Voter ID laws: A comprehensive fix for a fake problem

Voter ID laws: A comprehensive fix for a fake problem

Voter ID laws: A comprehensive fix for a fake problem
October 26
12:00 2018

The U.S. was founded on the premise that the government should serve the people, and over the past two hundred years, that is what this country has worked toward. When it comes to fighting for minorities’ and women’s right to vote, we have seen several steps forward. But now, certain segments of our country are taking steps backward.

The cause of this regression is the series of state laws referred to as “voter ID laws” which essentially make it harder for people to vote, in order to stop a widespread “problem” that doesn’t exist.

The goal of Voter ID laws is to make it harder for people to falsely cast ballots by making them present a form of identification when they show up to vote. While this might seem to make our elections safer and the results more secure, in reality these laws have little effect on the problem they set out to stop.

The reasoning behind the ineffectiveness behind these laws is not because they fail to implement significant restrictions, but rather because the problem is so small that there isn’t much to catch. In a 2017 study published by the Washington Postit was discovered that these Voter ID laws do in fact suppress minority voting.

If it is clear these types of laws are not serving the greater public interest, we need to pay more attention to why they’re being implemented to begin with. For states with strict photo ID laws, such as Texas, getting proper identification can present a big problem for those who don’t have the means to easily obtain such identification.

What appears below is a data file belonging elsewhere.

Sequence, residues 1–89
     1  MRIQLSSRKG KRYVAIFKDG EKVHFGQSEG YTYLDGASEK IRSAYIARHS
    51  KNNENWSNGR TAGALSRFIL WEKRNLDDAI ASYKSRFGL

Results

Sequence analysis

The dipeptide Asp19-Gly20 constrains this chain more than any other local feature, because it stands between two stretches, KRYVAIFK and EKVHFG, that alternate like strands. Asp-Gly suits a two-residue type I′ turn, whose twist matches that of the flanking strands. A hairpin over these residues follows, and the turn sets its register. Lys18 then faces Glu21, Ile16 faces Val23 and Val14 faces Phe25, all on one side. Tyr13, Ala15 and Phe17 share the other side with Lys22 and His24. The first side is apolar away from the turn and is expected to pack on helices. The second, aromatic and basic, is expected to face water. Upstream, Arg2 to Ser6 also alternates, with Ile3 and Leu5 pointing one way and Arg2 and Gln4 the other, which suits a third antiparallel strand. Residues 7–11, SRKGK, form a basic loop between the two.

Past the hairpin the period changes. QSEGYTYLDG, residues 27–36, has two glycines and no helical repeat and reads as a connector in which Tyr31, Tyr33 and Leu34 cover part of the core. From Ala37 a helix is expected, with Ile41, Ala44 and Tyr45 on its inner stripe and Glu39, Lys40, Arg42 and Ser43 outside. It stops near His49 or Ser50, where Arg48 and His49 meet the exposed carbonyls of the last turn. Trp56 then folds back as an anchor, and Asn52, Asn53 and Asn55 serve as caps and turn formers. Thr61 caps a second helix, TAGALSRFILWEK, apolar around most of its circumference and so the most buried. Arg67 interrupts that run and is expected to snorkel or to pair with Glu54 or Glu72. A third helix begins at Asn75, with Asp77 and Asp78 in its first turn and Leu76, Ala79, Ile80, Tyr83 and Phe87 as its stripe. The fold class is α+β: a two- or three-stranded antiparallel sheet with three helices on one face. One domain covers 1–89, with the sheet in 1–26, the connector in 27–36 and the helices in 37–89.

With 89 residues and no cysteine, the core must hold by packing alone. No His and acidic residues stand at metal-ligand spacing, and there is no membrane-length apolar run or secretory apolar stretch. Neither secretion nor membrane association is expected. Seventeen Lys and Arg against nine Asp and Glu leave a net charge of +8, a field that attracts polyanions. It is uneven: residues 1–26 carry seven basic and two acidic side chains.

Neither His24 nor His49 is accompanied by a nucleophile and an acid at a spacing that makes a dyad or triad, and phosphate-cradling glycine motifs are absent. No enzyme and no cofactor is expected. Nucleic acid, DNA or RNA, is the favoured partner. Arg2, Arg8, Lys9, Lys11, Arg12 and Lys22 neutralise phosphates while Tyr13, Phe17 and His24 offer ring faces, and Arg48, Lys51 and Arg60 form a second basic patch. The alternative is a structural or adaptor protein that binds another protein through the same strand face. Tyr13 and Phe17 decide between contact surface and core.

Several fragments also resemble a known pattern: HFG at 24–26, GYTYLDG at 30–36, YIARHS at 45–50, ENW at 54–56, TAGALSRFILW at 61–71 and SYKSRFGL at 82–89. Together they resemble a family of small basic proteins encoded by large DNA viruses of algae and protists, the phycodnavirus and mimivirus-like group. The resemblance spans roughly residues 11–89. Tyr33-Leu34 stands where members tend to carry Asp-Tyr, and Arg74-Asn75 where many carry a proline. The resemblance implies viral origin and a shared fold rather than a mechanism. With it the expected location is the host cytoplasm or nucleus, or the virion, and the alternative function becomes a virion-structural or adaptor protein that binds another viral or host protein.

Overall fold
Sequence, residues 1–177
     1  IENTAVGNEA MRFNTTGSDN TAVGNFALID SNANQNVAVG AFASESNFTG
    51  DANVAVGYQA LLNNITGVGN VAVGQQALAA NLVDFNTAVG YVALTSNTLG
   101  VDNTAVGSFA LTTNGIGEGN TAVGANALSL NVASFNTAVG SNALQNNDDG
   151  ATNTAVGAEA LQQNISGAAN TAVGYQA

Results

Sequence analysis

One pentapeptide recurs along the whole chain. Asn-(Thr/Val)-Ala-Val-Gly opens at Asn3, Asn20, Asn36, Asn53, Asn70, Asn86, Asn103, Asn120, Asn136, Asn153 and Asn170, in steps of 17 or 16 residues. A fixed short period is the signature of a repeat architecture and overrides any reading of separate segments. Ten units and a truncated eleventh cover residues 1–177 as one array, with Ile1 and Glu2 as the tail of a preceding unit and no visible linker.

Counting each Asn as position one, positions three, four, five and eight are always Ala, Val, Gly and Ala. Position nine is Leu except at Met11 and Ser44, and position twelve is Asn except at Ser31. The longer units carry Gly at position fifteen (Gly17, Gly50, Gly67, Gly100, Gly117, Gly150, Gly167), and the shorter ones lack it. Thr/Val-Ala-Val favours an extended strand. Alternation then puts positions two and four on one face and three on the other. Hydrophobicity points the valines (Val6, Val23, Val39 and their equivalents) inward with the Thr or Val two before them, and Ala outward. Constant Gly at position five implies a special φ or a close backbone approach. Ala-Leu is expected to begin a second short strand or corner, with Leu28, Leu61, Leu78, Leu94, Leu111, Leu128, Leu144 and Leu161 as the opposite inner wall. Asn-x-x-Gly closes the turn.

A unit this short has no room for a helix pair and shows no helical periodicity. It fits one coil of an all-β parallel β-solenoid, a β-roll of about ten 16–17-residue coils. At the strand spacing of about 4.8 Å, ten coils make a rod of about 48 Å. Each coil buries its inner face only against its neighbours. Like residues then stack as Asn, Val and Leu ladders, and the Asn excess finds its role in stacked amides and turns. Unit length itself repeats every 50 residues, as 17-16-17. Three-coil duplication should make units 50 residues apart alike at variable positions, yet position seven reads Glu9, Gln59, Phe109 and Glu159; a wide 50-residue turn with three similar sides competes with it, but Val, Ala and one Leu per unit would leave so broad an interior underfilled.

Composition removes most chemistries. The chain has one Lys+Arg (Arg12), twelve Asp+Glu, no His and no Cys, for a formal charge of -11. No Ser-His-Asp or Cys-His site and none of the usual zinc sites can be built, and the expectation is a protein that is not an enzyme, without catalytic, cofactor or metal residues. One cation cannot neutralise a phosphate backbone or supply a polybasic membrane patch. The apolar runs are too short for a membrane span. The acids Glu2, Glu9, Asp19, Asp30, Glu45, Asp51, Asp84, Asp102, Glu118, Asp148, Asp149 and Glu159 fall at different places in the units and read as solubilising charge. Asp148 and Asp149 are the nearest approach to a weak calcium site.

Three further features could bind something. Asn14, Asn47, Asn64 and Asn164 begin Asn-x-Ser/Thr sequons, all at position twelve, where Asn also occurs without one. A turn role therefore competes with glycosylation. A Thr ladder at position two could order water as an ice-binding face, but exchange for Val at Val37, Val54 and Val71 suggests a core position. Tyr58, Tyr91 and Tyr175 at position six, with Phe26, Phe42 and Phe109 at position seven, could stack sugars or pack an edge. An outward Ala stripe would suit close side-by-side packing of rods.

Laws like the ones we have in Texas require voters to provide a form of photo ID that is sanctioned by the state in order to vote. A strict photo ID law was proposed last year in North Carolina and was determined to be made to “target African-Americans with almost surgical precision.”  Problems arise with these cases primarily based on the types of IDs that are designated as valid by the state because, by not allowing certain forms of identification, it can hurt the ability of some groups of people to be able to vote.

Laws limiting the types of IDs people can use to fulfill their constitutional duty put an undue burden on those who are too poor to be able to get around these restrictions. These forms of identification often requires going to a government office during working hours — a luxury most lower-income adults do not have.

All these downsides must then lead us to questioning why these sorts of laws that restrict the rights of Americans based on income are put into place to stop a fictional issue. With the tendency for lower income Americans to vote for more left-leaning politicians and voter ID law’s tendencies to target lower income citizens, it is not hard to draw conclusions.

The Constitution grants all American citizens the right to vote, and it should not be a game of deciding who can vote and who can’t if they are citizens. Regardless of which side of the aisle you fall on, we should all be able to agree that inventing false crisis to be able to gain a political lead is wrong, and we should encourage all who are able to vote to do so. Anyone who has a problem with making sure we’re doing everything we can to ensure that all citizens can vote regardless of their socioeconomic status has a problem with the Constitution, too.

Featured Image: File

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Shane Monaco

Shane Monaco

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